The Foundation of a Japanese Garden: Boulder Placement Ceremony

For centuries, designers of Japanese gardens have placed special emphasis on boulders for their permanency. The solid and unchanging structure of boulders form the skeleton and foundation, and their selection and placement gives a sense of maturity to a new garden.

Selection of these boulders and rocks is important to the aesthetic and careful consideration of the qualities of each boulder is required. Our Japanese Garden’s Designer, Hoichi Kurisu, recently visited a West Michigan rock quarry and selected the individual boulders based on qualities necessary for a Japanese garden: size, weathered appearance, interesting shapes and subdued coloring.

These boulders were used to commemorate our own foundational beginning of The Richard and Helen DeVos Japanese Garden. Yesterday, we celebrated this permanency during a Boulder Placement Ceremony held for our members, donors and the public.

Boulder Ceremony in Grand Room.

Kicking off the Boulder Placement Ceremony, President and CEO David Hooker welcomed the crowd of more than 400 people and thanked all those who were there to celebrate the foundational beginning of the Japanese Garden. Hooker explained how more than 156 families, foundations and companies donated to the Japanese Garden campaign, helping Meijer Gardens meet and exceed the fundraising goal just six short months after announcing the new garden.

“The boulder placement is more than a ceremonial beginning of the Japanese Garden – it’s the foundation on which the garden will thrive for generations to come,” said Hooker. “We were given a great and significant gift that will be cherished and nurtured, not only by staff, but by the community and region.”

Consul General of Japan Kuninori Matsuda followed with remarks about promoting a mutual understanding of Japanese culture through the creation of this Japanese Garden.

“This garden has been received with much enthusiasm and I don’t have the slightest hesitation the Japanese Garden will become a ‘must-see’ once completed,” said Matsuda.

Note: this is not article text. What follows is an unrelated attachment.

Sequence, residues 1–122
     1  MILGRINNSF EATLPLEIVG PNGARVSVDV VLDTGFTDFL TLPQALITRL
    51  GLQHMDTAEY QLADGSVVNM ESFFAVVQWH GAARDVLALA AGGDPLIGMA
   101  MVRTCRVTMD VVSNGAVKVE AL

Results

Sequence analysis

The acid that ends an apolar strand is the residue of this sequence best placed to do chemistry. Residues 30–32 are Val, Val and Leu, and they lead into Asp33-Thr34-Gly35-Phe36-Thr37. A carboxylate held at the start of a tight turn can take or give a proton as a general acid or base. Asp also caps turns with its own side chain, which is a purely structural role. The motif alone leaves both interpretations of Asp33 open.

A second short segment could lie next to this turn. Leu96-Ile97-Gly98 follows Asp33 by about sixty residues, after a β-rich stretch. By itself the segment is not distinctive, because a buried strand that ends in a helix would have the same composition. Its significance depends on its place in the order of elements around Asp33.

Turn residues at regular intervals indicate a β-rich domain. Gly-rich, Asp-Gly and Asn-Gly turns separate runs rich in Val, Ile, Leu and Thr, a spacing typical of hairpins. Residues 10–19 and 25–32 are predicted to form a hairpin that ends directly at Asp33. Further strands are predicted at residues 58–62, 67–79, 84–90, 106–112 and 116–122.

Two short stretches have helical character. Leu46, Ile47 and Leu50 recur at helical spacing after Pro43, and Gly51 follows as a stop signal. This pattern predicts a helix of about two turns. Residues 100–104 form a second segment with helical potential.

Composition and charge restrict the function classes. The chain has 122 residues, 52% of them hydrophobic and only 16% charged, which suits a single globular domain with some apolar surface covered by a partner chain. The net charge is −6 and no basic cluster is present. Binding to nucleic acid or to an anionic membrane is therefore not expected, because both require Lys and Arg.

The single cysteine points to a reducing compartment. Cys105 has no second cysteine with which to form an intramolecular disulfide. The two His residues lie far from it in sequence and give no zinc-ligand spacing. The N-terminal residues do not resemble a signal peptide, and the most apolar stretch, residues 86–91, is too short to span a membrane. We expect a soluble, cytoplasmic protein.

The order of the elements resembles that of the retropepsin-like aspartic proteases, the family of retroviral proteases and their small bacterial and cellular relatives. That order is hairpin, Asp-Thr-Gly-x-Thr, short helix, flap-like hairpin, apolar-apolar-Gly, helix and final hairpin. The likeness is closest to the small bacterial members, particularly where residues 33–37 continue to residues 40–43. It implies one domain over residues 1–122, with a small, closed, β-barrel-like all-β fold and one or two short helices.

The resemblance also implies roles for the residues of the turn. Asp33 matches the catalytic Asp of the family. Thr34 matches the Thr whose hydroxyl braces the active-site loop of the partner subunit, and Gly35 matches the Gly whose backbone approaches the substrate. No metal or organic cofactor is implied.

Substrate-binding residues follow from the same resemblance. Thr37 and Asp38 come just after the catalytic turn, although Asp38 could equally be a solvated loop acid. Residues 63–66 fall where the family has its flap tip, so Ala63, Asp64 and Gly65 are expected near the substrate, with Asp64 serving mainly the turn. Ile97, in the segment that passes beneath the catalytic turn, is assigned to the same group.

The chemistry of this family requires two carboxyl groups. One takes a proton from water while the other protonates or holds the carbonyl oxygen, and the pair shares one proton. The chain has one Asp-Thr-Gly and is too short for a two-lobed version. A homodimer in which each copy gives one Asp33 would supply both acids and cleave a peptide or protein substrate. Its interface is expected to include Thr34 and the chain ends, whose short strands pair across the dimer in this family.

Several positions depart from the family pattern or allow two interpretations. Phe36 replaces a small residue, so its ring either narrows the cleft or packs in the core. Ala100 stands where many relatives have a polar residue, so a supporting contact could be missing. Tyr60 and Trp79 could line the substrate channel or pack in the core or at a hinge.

Following Matsuda was Japanese Garden Designer Hoichi Kurisu who spoke of his gratefulness to be a part of the project after meeting with Fred and Lena Meijer last year. A short film showcasing Kurisu and his team placing the first boulder of the Japanese Garden was shown (below) and Japanese poem titled, “Infinite Voice” was read by Kurisu.

“Good ground, good soil. Fred and Lena dropped the seed in the ground by the name of the Japanese Garden. That seed will grow from the good soil and we have to commit ourselves to nurture and share so the seed will grow,” said Kurisu.

Below is a gallery that includes images of the boulder placement with Hoichi Kurisu, presenters during the ceremony and behind-the-scenes of the construction site in its current state.

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The Japanese Garden is located in the northeast corner of the 132-acre property. Its design will convey the essence of the Japanese tradition—tranquility, simplicity and beauty —and include a variety of elements such as scenic bridges, waterfalls, a tea house, moss and bonsai gardens, among other features. The new garden will also feature works of contemporary sculpture by major international artists, such as Anish Kapoor and Zhang Huan, whose aesthetic forms will work in harmony with the space.

Nearly seven months ahead of schedule, view the garden’s progression during your next visit or look for photo updates on Facebook until the Japanese Garden’s completion in 2015.

Boulders and tree from Kurisu’s nursery place in the Japanese Garden.